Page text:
• HO-C (same as HO-5): Covers a home and its contents against all perils unless specifically listed.


Does homeowners insurance cover tornadoes in Texas?

A tornado can strike with precious little advance warning. There is little you can do to get ready and the effects are often devastating. As such, it's vital to insure your home against tornadoes in Texas, which averages 147 tornado events per year.*

Tornado damage is usually the result of wind, so you’ll need to make sure your homeowners policy has windstorm coverage, which comes standard as a part of many homeowners policies.

Wind protection covers the exterior and overall structure of the building. However, depending on the type of policy you have, you may find that interior damage is only covered when it's a result of exterior damage, like a tree branch breaking a window. Detached structures are also covered, generally up to 10% of the amount at which the home is insured. Keep in mind that other damages the storm causes may not be covered. For instance, if the storm that produced the tornado also causes flooding that damages your home, those damages won't be covered unless you have previously added flood insurance to your policy.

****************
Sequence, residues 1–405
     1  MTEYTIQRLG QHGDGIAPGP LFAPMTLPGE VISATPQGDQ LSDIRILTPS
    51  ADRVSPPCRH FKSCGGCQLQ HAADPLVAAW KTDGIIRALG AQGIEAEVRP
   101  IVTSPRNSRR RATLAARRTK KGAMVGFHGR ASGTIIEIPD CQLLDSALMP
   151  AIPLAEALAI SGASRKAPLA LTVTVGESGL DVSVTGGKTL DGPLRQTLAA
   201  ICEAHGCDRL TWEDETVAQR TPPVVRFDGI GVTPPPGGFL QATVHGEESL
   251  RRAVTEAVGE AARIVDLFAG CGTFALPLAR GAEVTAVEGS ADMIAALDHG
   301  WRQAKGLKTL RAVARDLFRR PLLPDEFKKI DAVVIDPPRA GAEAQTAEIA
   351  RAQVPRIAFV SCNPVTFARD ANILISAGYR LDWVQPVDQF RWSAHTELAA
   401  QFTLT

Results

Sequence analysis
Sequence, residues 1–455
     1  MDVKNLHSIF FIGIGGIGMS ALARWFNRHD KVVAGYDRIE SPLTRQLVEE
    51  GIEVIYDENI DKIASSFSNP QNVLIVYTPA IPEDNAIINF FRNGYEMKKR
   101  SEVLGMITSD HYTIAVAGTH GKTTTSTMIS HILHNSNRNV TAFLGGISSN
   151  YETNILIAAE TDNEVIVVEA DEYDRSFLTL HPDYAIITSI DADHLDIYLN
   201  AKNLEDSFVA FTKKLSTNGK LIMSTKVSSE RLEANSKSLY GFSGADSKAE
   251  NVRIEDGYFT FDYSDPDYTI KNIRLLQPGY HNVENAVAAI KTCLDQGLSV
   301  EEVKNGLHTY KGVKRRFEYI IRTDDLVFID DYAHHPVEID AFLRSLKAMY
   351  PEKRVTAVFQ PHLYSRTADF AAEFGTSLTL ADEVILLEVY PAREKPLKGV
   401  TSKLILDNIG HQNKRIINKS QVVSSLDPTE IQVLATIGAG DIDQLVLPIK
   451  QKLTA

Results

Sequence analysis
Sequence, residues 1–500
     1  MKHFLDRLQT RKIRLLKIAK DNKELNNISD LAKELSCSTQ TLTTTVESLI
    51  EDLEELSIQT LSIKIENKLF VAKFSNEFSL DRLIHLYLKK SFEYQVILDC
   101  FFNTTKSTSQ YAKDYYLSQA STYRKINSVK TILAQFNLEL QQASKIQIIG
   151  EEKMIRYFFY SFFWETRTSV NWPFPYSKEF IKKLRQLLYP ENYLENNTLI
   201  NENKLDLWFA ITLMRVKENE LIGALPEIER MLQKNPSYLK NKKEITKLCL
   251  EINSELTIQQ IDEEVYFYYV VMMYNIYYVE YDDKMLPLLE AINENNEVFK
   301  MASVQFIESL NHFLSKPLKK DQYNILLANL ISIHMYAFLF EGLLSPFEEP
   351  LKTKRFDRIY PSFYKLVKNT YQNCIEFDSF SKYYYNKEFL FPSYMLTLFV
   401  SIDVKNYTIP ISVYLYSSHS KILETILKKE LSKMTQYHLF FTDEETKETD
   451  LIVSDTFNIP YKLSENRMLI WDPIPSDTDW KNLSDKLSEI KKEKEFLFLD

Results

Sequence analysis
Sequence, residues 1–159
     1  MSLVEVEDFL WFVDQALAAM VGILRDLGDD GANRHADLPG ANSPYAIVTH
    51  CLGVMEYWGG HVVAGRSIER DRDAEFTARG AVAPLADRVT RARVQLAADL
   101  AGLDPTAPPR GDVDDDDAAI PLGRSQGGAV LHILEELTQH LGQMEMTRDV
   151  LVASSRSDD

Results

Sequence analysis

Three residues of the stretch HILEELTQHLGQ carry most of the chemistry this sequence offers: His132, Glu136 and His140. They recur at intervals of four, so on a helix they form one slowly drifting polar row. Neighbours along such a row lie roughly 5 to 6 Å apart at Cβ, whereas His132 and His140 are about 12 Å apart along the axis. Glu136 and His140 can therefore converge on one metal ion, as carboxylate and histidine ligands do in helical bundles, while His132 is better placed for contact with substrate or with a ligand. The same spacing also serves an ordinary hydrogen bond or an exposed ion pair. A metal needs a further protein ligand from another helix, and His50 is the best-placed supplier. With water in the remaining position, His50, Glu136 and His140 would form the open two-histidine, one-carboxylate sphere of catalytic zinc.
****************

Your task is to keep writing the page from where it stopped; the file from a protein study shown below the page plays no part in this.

*Source: NOAA's National Weather Service (https://www.spc.noaa.gov/gis/svrgis/)


Homeowners insurance and hail in Texas

Depending on where you live, hailstorms can lead to varying levels of damage to personal property. In Texas, homeowners policies typically come with hail coverage to cover the physical structure of your home if it suffers damages in a hail event.